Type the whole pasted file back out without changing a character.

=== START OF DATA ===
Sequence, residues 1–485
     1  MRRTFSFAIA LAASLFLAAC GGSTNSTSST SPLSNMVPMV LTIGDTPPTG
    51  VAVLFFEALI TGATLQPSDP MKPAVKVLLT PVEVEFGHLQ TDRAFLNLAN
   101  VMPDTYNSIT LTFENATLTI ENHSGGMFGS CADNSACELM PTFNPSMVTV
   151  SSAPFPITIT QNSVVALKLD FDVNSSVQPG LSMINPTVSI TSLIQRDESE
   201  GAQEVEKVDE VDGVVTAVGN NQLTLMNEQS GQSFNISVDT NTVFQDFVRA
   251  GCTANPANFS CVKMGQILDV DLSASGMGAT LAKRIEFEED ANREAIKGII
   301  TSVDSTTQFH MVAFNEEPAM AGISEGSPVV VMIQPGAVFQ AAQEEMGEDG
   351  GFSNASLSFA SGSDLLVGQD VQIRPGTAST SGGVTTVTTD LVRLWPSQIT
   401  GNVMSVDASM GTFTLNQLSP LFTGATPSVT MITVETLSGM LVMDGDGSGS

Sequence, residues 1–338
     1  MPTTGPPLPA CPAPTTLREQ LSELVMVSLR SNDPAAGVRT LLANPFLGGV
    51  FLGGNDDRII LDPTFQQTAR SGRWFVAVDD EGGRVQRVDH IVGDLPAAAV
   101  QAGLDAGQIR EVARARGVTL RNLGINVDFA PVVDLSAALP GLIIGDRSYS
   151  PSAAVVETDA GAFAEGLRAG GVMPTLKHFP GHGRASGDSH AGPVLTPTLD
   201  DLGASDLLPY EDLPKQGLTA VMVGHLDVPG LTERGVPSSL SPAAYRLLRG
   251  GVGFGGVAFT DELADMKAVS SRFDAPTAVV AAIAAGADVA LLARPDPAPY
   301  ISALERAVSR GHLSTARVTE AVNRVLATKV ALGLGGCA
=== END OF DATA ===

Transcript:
Sequence, residues 1–485
     1  MRRTFSFAIA LAASLFLAAC GGSTNSTSST SPLSNMVPMV LTIGDTPPTG
    51  VAVLFFEALI TGATLQPSDP MKPAVKVLLT PVEVEFGHLQ TDRAFLNLAN
   101  VMPDTYNSIT LTFENATLTI ENHSGGMFGS CADNSACELM PTFNPSMVTV
   151  SSAPFPITIT QNSVVALKLD FDVNSSVQPG LSMINPTVSI TSLIQRDESE
   201  GAQEVEKVDE VDGVVTAVGN NQLTLMNEQS GQSFNISVDT NTVFQDFVRA
   251  GCTANPANFS CVKMGQILDV DLSASGMGAT LAKRIEFEED ANREAIKGII
   301  TSVDSTTQFH MVAFNEEPAM AGISEGSPVV VMIQPGAVFQ AAQEEMGEDG
   351  GFSNASLSFA SGSDLLVGQD VQIRPGTAST SGGVTTVTTD LVRLWPSQIT
   401  GNVMSVDASM GTFTLNQLSP LFTGATPSVT MITVETLSGM LVMDGDGSGS

Sequence, residues 1–338
     1  MPTTGPPLPA CPAPTTLREQ LSELVMVSLR SNDPAAGVRT LLANPFLGGV
    51  FLGGNDDRII LDPTFQQTAR SGRWFVAVDD EGGRVQRVDH IVGDLPAAAV
   101  QAGLDAGQIR EVARARGVTL RNLGINVDFA PVVDLSAALP GLIIGDRSYS
   151  PSAAVVETDA GAFAEGLRAG GVMPTLKHFP GHGRASGDSH AGPVLTPTLD
   201  DLGASDLLPY EDLPKQGLTA VMVGHLDVPG LTERGVPSSL SPAAYRLLRG
   251  GVGFGGVAFT DELADMKAVS SRFDAPTAVV AAIAAGADVA LLARPDPAPY
   301  ISALERAVSR GHLSTARVTE AVNRVLATKV ALGLGGCA